One example companies could follow is in the technology sector, where most firms have been tightening their security measures during the past 18 months in response to revelations about the digital spying tactics of the U.S. government.
Documents leaked by former National Security Agency contractor Edward Snowden revealed that the U.S. government had been tapping into the computer networks of Google, Yahoo, Facebook and other technology companies in search of emails and other electronic communications that might uncover terrorist plots and other illegal activity. The U.S. government has maintained that it has never collected the kind of highly personal details stolen in the Sony Pictures breach. But tech companies being targeted by the NSA have since tried to thwart the surveillance by encrypting their internal email systems as well as the free accounts available to the general public. Both Google and Apple, the makers of the world's leading software for mobile devices, also are automatically encrypting the data stored on smartphones so the information is indecipherable to unauthorized users, including government authorities.
General Motors says it has bolstered cybersecurity in the past two years by bringing information technology in-house from outside vendors. The auto giant has a cybersecurity chief on staff to prevent hackers from getting into GM vehicle computers and has consolidated electronic data storage from 23 centres worldwide into two located near Detroit.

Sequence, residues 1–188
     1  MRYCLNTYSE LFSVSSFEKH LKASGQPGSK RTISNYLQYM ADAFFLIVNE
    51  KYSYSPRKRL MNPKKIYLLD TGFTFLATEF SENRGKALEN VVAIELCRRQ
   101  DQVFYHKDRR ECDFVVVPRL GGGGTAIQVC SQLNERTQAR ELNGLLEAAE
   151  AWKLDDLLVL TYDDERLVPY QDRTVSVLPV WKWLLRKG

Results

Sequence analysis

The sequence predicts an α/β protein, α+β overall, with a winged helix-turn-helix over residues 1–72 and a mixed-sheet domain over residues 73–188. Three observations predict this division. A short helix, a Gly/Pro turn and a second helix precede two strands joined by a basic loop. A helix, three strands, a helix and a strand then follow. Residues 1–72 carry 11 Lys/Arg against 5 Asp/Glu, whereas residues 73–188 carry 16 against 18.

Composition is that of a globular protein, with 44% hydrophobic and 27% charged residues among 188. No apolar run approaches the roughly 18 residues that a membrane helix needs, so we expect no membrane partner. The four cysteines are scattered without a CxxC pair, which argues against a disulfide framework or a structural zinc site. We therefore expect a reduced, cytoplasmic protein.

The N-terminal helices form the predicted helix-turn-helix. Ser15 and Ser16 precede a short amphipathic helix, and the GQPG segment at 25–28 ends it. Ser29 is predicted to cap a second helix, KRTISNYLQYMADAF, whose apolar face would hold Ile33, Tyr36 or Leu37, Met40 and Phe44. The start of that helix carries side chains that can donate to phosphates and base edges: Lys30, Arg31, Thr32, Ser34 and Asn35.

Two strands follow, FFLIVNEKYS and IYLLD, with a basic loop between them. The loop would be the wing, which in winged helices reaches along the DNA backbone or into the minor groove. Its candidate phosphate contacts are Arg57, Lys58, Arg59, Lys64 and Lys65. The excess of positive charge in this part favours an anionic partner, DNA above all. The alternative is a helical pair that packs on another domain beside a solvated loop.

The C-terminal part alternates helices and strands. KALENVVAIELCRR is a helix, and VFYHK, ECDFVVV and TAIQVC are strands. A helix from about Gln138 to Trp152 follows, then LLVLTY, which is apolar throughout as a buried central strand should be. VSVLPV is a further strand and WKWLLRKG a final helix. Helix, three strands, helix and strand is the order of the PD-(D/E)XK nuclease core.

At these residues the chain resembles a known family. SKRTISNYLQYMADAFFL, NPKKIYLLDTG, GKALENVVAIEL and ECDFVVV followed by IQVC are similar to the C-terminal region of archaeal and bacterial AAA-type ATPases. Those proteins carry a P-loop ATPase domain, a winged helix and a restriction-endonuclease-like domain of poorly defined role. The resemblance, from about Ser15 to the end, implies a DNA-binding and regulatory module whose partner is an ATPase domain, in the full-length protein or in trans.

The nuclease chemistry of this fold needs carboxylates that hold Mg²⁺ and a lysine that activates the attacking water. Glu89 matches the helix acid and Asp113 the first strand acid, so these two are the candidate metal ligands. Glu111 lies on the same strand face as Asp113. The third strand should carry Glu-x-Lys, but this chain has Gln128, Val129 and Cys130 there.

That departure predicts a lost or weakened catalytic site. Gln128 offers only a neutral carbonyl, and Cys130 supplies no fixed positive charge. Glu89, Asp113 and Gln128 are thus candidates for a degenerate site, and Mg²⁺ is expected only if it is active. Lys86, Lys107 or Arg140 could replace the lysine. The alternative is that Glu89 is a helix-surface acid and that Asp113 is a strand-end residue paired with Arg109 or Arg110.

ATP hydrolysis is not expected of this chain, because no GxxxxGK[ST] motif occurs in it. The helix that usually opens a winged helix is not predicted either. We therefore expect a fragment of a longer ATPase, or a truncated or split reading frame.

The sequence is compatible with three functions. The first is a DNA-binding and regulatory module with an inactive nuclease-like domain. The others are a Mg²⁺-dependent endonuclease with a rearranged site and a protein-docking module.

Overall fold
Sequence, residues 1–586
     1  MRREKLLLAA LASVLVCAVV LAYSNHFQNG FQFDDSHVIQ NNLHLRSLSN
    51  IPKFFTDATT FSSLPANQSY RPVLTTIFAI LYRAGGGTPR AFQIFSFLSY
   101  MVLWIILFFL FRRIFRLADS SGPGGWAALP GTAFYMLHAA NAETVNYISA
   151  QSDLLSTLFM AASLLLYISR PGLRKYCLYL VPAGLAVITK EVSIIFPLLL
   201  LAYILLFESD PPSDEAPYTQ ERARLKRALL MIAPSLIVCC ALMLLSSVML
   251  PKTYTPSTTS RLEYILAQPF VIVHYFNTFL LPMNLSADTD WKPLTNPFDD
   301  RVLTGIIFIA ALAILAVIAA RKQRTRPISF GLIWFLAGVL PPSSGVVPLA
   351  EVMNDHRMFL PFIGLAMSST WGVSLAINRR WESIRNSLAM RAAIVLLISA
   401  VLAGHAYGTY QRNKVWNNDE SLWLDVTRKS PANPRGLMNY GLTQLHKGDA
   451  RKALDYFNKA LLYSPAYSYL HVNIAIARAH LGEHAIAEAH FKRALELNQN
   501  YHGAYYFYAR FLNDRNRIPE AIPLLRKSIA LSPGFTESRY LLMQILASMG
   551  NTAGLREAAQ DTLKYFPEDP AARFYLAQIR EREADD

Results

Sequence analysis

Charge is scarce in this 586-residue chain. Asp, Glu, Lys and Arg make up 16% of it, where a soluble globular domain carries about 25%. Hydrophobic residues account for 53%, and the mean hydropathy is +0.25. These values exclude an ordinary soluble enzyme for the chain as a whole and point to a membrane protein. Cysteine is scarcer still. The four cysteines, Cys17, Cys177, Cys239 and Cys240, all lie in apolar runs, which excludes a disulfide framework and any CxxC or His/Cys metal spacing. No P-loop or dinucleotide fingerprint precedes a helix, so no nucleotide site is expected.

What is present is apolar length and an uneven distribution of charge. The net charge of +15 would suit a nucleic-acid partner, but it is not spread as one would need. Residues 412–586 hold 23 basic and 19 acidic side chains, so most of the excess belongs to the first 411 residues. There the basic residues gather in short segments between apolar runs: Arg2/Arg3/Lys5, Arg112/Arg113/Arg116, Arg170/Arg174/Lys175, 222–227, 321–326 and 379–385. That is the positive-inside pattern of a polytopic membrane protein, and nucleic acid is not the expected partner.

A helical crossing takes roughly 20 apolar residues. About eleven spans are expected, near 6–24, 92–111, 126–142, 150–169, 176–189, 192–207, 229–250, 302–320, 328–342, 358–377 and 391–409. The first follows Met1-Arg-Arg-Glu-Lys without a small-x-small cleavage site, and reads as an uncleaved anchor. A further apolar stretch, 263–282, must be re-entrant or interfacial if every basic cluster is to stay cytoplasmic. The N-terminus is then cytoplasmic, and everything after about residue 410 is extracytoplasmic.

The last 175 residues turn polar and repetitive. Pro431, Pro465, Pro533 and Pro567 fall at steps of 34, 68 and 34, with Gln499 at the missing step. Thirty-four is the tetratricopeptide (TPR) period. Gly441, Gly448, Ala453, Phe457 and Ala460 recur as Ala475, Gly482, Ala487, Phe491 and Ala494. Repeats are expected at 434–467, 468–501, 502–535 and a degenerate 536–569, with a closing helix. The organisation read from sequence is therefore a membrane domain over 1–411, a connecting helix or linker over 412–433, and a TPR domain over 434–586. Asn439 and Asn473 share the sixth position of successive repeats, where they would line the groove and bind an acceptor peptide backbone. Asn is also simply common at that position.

"I would say we have a higher level (of security) than some other companies do," says spokeswoman Jennie Ecclestone.
A key to thwarting attacks is knowing your enemy and figuring out exactly who might want to hurt your company, adds Tom Chapman, head of cyber-operations at EdgeWave Security in San Diego.
"In the past people were looking for a firewall or an individual product," for protection, says Chapman, a retired Navy intelligence officer who specialized in hunting down hackers. "Now, they're realizing there is a human element. They need to understand who might be after them. By better understanding your likely adversaries, you can better craft your defence."
AP Writers Mike Liedtke in San Francisco, Bernard Condon, Anne D'Innocenzio and Joe Pisani in New York, Tom Krisher in Detroit, and Ted Bridis in Washington, D.C., contributed to this report.